January 21, 2020
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    4 new air quality measuring instruments Featured

    November 10, 2019

    Four new air quality measuring instruments will be installed in Puttalam, Anuradhapura, Vavuniya and Jaffna during the coming days, the National Building Research Organization (NBRO) said. The particulate matter levels in Colombo went up twofold, to unhealthy levels, creating an atmosphere of smog but have come down since. Air quality started deteriorating from November 5-8 in Colombo, said Climate Scientist cum Environmental Engineer Lareef Zubair. “The particulate matter levels went up twofold, to unhealthy levels, but has come down since,” he said.

    “However, the drop in air quality was detected not only in Colombo but also at entrance to Kalpitiya, Nawalapitiya, Kandy (Akurana and Digana) and Sri Jayawardhenapura,” Mr Zubair observed. He said the rise in air pollution will have moderate health impacts on those exposed.The data was drawn from ‘Disaster Services’, maintained by the Federation for Environment, Climate & Technology. “We are still working on a cause. It is a case when wind direction changes from South-West to North-East, as is happening in early November, pollution levels will rise,” he said.
    “There are just 2 equipments monitoring air quality, located in places believed to have high exposure to pollution,” the Central Environmental Authority (CEA) said. An assumption is then made on the overall situation in the country, based on the readings from these 2 machines.The requirement to install more equipment arose after there were readings of alarmingly unhealthy air quality values recorded earlier this week.By 10pm on Tuesday (5), the US Embassy’s air quality monitor in Colombo recorded an Air Quality Index (AQI) of 167. By 8.30 the next morning, the AQI reading rose to 173. Good air quality is deemed to be between 0-50 AQI.
    While it dropped to around 60, at the time of writing this article, NBRO Senior Scientist Sarath Premasiri said that Air Visual–a platform which provides real time air quality data– forecast another possible increase in the AQI on November 13.“This forecast may change depending on the climate. However, we urge the public to take necessary precautions like wearing a mask, and to use public transport instead of putting their vehicles on the road,” he said.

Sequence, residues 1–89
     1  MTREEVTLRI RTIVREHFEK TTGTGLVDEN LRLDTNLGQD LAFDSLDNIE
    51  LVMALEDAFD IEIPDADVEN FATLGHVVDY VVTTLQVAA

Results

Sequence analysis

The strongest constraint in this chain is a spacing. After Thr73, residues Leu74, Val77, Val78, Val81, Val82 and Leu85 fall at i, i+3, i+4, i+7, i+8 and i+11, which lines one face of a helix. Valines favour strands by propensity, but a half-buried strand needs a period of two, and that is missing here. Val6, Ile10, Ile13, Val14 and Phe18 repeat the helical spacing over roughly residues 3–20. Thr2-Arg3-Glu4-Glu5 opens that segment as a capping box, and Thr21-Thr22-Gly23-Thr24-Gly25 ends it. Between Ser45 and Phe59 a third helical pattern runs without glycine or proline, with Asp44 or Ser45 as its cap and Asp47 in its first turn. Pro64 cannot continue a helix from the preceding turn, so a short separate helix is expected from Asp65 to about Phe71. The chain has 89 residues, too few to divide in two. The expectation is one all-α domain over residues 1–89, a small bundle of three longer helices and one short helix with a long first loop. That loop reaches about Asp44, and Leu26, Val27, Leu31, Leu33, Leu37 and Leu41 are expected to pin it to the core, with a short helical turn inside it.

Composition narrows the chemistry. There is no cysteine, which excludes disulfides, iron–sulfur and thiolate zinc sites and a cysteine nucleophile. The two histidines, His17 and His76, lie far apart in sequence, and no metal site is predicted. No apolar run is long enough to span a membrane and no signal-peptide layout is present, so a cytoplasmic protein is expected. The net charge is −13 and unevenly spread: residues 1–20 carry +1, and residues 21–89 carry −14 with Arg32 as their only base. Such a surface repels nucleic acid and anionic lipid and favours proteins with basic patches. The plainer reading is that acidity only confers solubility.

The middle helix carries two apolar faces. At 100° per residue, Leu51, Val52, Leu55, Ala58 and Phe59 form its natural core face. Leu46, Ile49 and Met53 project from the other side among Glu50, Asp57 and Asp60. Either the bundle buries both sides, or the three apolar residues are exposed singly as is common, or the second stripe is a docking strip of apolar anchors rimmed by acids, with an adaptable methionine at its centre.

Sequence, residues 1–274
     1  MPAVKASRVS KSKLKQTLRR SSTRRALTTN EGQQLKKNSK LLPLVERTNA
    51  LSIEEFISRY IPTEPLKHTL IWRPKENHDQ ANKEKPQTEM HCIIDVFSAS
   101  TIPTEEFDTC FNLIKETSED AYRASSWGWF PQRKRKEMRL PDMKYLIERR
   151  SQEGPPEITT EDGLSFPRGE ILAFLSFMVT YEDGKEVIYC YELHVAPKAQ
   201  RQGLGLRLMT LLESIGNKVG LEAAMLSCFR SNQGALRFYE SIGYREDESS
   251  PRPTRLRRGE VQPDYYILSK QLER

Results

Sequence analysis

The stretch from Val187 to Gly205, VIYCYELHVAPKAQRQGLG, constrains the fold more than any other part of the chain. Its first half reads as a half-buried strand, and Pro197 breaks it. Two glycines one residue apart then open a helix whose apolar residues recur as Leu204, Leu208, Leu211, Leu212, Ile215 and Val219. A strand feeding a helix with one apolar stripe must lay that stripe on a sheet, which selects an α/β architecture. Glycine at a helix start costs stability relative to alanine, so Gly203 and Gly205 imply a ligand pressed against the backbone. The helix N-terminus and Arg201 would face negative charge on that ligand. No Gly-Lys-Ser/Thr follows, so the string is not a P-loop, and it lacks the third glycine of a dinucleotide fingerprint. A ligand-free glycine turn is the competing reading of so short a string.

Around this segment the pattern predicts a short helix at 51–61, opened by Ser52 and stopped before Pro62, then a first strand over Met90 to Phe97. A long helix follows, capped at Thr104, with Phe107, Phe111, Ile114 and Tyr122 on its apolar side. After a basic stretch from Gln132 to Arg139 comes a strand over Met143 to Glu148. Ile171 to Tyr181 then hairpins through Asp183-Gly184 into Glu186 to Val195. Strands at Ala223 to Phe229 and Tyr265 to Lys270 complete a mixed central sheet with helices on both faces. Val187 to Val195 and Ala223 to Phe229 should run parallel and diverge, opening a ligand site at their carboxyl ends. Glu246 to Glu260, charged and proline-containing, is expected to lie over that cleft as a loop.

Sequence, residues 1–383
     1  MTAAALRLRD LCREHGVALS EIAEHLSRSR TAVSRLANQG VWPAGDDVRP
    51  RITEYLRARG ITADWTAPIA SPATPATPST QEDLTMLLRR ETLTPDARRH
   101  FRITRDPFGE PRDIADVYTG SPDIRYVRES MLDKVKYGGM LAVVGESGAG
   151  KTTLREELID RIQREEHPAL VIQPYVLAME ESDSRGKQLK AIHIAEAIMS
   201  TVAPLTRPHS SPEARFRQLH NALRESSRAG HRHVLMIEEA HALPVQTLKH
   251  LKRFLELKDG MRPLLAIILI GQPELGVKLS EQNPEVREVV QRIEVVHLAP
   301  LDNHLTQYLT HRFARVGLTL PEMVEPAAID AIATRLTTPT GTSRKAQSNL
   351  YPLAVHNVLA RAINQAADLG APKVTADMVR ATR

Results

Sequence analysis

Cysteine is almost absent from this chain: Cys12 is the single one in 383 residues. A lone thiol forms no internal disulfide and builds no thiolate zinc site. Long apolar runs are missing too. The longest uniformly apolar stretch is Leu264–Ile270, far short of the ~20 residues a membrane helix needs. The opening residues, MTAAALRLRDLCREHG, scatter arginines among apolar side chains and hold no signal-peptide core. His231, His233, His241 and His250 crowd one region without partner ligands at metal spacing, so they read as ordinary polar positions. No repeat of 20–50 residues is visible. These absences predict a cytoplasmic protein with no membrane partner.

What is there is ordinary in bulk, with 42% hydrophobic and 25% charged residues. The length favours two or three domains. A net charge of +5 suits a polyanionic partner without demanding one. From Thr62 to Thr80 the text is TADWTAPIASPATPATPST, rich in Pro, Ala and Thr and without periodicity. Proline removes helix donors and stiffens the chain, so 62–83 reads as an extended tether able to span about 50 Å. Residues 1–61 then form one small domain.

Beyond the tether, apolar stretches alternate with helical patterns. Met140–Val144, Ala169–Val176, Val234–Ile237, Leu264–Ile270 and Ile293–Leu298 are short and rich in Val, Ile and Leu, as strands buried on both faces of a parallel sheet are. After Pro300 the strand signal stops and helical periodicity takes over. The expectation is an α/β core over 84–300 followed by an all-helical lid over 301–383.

“Such pollution is most prevalent during the months of November, December and January, due to the change in the wind direction, owing to the North-East monsoon,” Mr Premasiri said. Factors that contributed to the recent episode included vehicle and industrial emissions.“It is not possible to deduce the AQI of the country with just 2 machines,” said CEA Deputy Director- Laboratory Services, Kamal Priyantha. But installing and maintaining new technology comes at high cost.
    The Colombo District had 4-5 mobile air quality monitoring stations in the early 2000s. Now, only 2 are in working condition, owing to lack of maintenance, said Centre for Environmental Justice Executive Director Hemantha Withanage.Mr Withanage rejected claims that prevailing air pollution had its roots in India. “I believe that local pollution is a major contributing factor, rather than it being purely pinned on to climate change or the situation in India,” he said.

    “Vehicle emissions are one of the main causes, while rapid development brought with it new constructions like the Colombo Port City, which was also a contributing factor towards air pollution,” he elaborated. Public transport must be improved and heavy vehicles must pay carbon tax. New AQI monitoring machines must be installed and maintained, to prevent there being a major public health issue.
    Meanwhile, the Meteorological Department said that a cyclonic storm in the Bay of Bengal caused a change in wind direction, which may have been the reason for polluted air being pushed towards Sri Lanka. They hoped to see an improvement in the coming days. “Air pollution could have immediate health effects such as breathing difficulties,” said National Hospital’s Head of Nursing, Pushpa R. Zoysa. It could also aggravate respiratory or cardiac conditions. Even when a healthy person is exposed to bad air, the lungs absorb the bases, in turn affecting blood circulation and bringing about illness.


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